September 24, 2008 In addition to making history and winning Edmund Hillary a permanent place on the New Zealand fiver, the first successful Everest ascent settled a long-running debate in the scientific community about breathing devices. Hillary and Norgay used open-circuit breathing apparatuses, in which a reserve of oxygen is inhaled by the user and exhaled out of the system, and their success secured such systems as the dominant breathing technology for high-altitude climbing. However, in order to treat chronic obstructive pulmonary disease, Smiths Medical and University College London have resurrected the sidelined closed-circuit system for use in oxygen therapy.
Hillary’s first remark after returning from Everest was the John McClane-esque “Well, George, we knocked the bastard off.” It must have been sheer agony to Tom Bourdillon and Charles Evans, who came within 90 meters of the summit just three days before Hillary and Norgay planted the flag. Before being forced to turn back, Bourdilon and Evans positively raced up the mountain – they once covered in 90 minutes what would take Hillary and Tenzing over two hours. The reason for their efficiency was the closed-circuit breathing system they were pioneering, a design created by Bourdilon and his father. Closed-circuit devices, (also known as rebreathers), create a seal over the user’s mouth, retaining the exhaled air, scrubbing it of carbon dioxide, and allowing the user to inhale it again. The rebreathing aspect of Bourdilon’s apparatus worked perfectly, but the hostile Everest conditions eventually proved too much for the device.
UPGRADE TO NEW ATLAS PLUS
More than 1,200 New Atlas Plus subscribers directly support our journalism, and get access to our premium ad-free site and email newsletter. Join them for just US$19 a year.UPGRADE
Jenny Windsor and Roger McMorrow, mountaineering scientists at UCL, realized that Bourdilon’s research does not have to be anchored to the failed expedition. The strength of closed-circuit breathing devices is their efficiency and portability, due to the lack of cumbersome oxygen tanks. Such traits could greatly improve conditions for patients undergoing oxygen therapy for COPD, a breathing condition affecting 10-15% of smokers and the fourth leading cause of death in the USA. COPD causes the airways to become narrowed, limiting the supply of oxygen to the body. In order to treat the disease, patients need to begin an exercise regimen and receive a steady supply of oxygen-rich air. Since up to 95% of exhaled air from patients undergoing such therapy is oxygen, a system that captures the air and resupplies it to the patient clean of CO2 would be far superior to an open-circuit system.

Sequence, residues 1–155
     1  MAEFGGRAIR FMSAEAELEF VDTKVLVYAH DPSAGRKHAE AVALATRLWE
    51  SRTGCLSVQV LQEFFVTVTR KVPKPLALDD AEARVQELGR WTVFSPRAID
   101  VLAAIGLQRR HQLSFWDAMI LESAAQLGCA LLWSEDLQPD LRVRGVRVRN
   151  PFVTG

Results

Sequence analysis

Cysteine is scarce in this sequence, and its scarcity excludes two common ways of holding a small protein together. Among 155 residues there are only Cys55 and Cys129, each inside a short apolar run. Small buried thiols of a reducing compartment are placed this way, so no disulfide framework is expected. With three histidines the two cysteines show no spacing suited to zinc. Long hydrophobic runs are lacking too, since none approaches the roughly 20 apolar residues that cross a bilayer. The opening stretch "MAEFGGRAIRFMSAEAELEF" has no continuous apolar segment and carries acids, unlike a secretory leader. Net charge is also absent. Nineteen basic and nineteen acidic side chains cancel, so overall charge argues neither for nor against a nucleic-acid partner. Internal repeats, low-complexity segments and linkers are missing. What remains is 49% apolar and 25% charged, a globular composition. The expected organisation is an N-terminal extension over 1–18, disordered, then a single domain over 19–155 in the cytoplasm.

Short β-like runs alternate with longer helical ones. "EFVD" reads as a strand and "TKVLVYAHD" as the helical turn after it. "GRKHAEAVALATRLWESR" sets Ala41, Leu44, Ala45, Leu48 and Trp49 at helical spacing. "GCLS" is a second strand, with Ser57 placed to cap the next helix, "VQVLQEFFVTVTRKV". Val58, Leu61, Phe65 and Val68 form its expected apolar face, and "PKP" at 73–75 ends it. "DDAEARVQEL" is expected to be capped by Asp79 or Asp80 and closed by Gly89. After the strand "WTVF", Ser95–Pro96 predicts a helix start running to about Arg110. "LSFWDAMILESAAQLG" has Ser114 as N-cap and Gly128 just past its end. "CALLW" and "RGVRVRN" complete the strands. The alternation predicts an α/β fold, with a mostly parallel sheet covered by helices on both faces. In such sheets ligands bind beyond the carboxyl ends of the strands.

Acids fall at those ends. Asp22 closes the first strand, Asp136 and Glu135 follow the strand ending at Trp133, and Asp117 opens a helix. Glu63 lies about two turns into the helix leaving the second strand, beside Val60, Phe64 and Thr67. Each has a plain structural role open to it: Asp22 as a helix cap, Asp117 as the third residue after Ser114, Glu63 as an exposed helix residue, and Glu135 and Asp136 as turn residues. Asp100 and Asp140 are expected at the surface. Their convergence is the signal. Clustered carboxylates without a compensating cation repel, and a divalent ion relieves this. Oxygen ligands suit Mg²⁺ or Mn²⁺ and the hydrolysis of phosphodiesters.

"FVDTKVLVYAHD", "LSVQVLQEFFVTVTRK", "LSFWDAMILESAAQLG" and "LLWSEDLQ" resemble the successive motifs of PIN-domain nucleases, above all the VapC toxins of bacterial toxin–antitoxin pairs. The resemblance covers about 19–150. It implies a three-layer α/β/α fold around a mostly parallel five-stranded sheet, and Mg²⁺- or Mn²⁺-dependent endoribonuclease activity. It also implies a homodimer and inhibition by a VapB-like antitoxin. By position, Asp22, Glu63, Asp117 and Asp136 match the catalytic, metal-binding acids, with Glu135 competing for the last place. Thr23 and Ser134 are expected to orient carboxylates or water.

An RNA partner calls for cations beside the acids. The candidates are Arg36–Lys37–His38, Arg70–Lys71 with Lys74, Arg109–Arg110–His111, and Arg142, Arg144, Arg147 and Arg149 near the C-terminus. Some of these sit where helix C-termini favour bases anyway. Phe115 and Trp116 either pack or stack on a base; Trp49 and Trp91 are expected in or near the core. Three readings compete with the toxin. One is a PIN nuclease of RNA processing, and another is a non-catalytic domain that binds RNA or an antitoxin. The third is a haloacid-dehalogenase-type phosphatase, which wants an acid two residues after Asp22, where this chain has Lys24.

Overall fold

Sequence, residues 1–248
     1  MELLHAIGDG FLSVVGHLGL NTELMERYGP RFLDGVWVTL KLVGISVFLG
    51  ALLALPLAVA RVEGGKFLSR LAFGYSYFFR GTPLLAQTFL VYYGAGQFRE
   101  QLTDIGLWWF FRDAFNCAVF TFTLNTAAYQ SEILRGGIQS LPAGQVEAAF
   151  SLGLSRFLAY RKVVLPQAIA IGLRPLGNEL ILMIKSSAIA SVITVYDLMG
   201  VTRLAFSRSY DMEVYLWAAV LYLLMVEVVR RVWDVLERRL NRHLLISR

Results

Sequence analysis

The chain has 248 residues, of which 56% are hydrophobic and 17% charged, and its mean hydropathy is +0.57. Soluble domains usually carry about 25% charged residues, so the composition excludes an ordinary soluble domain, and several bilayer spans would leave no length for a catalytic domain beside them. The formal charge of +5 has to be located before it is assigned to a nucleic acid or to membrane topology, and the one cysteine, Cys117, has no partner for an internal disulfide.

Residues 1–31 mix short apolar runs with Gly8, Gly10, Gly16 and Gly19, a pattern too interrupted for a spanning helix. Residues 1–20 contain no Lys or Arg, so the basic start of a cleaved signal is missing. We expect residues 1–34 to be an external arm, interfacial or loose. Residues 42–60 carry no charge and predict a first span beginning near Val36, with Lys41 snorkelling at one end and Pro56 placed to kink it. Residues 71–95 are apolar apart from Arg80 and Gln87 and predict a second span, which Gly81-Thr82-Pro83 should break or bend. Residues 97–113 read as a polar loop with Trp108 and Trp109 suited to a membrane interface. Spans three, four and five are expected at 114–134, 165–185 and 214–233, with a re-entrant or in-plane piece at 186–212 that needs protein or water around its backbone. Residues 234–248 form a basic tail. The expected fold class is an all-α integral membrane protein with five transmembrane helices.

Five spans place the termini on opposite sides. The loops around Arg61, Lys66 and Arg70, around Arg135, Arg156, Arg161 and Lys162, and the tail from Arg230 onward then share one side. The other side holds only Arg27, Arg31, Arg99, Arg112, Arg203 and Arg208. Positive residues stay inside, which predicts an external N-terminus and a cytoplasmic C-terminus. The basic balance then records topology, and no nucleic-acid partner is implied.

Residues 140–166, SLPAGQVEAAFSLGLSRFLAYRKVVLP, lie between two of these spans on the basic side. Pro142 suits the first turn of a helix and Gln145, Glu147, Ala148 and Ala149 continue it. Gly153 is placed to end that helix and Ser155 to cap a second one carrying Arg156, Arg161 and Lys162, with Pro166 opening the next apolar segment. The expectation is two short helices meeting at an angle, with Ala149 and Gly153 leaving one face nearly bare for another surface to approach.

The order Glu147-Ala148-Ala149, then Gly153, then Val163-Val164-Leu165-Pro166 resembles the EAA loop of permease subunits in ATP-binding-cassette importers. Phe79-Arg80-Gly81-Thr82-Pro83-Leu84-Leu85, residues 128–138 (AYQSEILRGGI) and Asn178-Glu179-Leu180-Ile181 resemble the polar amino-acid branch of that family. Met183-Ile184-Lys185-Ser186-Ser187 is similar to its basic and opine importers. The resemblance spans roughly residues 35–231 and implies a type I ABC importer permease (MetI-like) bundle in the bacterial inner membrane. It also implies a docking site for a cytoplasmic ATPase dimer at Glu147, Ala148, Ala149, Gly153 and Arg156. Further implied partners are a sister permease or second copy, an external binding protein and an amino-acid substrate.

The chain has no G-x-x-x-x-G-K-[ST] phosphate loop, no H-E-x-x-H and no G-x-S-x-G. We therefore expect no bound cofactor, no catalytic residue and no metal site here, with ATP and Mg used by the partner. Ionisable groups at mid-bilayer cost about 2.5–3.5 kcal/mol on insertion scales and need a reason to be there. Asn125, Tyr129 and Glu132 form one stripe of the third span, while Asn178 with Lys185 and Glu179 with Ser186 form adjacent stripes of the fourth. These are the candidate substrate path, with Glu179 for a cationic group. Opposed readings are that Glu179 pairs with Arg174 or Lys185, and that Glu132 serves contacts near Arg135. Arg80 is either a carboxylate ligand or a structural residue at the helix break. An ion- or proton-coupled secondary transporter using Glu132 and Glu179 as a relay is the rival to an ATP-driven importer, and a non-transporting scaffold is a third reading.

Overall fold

"We are hoping that this new technology will transform the lives of people living with COPD by allowing them to breathe more easily, exercise and ultimately reduce their dependence on oxygen. It is incredible to think that this breakthrough device is based on a British invention designed to help the first mountaineers reach the top of the world," said Dr Jeremy Russell, head of research and development at Smiths Medical International.
Professor Monty Mythen, Smiths Medical Professor of Anaesthesia at UCL and Director of Research and Development at UCL Hospitals said: "This project is a fantastic example of the success that comes from scientists in industry working closely with clinicians and university academics for patient benefit. Smiths Medical in collaboration with UCL and NHS partners makes a formidable team and I am delighted that the Caudwell Xtreme Everest expedition is beginning to reap rewards for patients."
Note on images: historical images courtesy of Royal Geographical Society (RGS).View gallery - 6 images